• Targeting merger and acquisitions – only to learn that the decision makers in these deals don’t care about alignment – they don’t spend on this stuff

• And the countless other clients / consultancies who have promised shiny door openings – I can think of 5 immediately – and you get part way down the path and then they just don’t return calls or mails.

I don’t regret going after those avenues because of all the learnings they provided. Yet I hope this current track isn’t another false start. Again, I check the logic. Yes, this direction makes sense. I’m still in the game. Then a friend of mine sends me a newsletter from James Clear. He writes weekly with 3 ideas, 2 messages and one question. The first idea is this: To improve, compare little things. -marketing strategies -exercise technique -writing tactics To be miserable, compare big things. -career path -marriage -net worth Comparison is the thief of joy when applied broadly, but the teacher of skills when applied narrowly. Hail all generous advisors! Thank you!

Mirror Mirror is a tool that identifies, measures and addresses the alignment gaps that drag down performance.

Your story, our platform: If you’ve got a story and would like to share it with other Femflectors, please let us know. Femflection is all about transferring learnings to help others, be they big or subtle. We want to connect with your feelings, your learnings, your reflections or your hopes for the future – in blog or interview format. Express yourself here. Get in touch with us via anja.uitdehaag@femflection.com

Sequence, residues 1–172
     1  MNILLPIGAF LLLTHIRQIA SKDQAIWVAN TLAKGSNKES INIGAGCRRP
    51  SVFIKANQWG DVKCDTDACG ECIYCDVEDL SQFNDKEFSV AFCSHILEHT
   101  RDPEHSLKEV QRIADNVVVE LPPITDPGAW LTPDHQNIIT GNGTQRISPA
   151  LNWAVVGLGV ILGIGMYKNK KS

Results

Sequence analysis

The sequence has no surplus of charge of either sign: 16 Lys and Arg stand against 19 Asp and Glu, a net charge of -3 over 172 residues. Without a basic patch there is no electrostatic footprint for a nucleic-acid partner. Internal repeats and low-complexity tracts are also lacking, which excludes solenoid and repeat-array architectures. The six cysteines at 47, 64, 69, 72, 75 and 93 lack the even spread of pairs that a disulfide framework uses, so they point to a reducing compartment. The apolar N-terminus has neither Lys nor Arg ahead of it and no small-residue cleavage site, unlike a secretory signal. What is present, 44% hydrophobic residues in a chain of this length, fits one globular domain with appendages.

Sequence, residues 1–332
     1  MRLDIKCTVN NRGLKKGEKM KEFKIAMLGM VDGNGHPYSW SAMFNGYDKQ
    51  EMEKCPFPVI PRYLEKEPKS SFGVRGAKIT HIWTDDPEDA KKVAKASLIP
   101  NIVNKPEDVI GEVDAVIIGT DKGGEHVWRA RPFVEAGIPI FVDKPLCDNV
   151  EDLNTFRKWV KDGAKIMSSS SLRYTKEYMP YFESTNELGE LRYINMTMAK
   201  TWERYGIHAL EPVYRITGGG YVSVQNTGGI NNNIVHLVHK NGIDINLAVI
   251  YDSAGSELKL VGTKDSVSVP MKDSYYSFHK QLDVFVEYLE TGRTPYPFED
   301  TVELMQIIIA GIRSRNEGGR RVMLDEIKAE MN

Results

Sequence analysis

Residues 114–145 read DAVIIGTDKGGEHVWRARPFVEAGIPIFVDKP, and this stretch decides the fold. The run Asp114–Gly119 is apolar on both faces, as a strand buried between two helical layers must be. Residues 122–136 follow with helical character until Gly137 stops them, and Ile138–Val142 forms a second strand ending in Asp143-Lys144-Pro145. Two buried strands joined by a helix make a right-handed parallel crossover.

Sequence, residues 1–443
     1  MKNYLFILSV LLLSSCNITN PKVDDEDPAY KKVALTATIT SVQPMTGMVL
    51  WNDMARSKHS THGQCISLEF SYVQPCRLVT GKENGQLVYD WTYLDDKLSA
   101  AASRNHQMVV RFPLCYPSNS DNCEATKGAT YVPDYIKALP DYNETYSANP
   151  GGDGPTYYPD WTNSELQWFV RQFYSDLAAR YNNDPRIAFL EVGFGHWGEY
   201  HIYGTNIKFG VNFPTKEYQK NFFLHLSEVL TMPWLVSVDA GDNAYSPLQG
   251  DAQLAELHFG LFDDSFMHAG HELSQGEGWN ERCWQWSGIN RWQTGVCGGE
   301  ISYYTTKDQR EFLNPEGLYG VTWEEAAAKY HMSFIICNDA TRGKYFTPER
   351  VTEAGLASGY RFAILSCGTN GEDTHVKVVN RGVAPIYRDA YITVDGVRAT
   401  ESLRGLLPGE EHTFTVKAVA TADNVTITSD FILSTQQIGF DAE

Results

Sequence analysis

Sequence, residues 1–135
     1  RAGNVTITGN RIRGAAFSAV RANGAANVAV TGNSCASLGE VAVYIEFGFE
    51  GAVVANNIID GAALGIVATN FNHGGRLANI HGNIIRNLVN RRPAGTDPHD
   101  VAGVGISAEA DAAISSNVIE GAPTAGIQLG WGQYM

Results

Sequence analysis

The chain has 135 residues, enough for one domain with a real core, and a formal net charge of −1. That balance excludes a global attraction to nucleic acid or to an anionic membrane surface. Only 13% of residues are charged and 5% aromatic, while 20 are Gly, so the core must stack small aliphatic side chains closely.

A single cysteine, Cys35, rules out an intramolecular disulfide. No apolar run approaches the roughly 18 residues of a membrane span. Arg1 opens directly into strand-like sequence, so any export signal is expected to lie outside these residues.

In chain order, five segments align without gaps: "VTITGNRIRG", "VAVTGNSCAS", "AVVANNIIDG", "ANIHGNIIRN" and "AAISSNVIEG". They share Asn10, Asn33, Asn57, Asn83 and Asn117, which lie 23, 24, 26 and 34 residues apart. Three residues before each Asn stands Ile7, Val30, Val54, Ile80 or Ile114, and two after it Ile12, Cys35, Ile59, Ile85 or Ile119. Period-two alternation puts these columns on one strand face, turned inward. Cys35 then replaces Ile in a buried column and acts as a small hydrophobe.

For more content visit our website http://www.femflection.com

ABOUT LEARNING AND CRITICAL THINKING

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By: Angie Falls

I find myself in the position to attend some introduction days at Universities. After attending 2 and 2 to go I realized I needed to change my behavior concerning knowledge. I felt that I had to put more effort in appreciating knowledge and knowledge sources.

The first step I took was reorganizing my library. While performing that activity I discovered that there were many books that I had to read again. Books that I had collected the past 32 years. The same methodology and core principles are still applied in my life and work. Time to refresh and pour this knowledge in my mind.

In one of the sessions at the University, the topic anthropology was so fascinating that I started taking notes. Notes of theory which I needed to study to apply in my profession.

The skill that stuck with me to investigate is critical thinking. The earliest documentation of critical thinking are the teachings of Socrates recorded by Plato.

Critical thinking is the objective analysis of facts to form a judgment.

The subject is complex, and several different definitions exist, which generally include the rational, skeptical, unbiased analysis, or evaluation of factual evidence. Critical thinking is self-directed, self-disciplined, self-monitored, and self-corrective thinking. It presupposed assent to rigorous standards of excellence and mindful command to their use.

Someone with critical thinking skills can:

  • Understand the links between ideas.
  • Determine the importance and relevance of arguments and ideas.
  • Recognize, build and appraise arguments.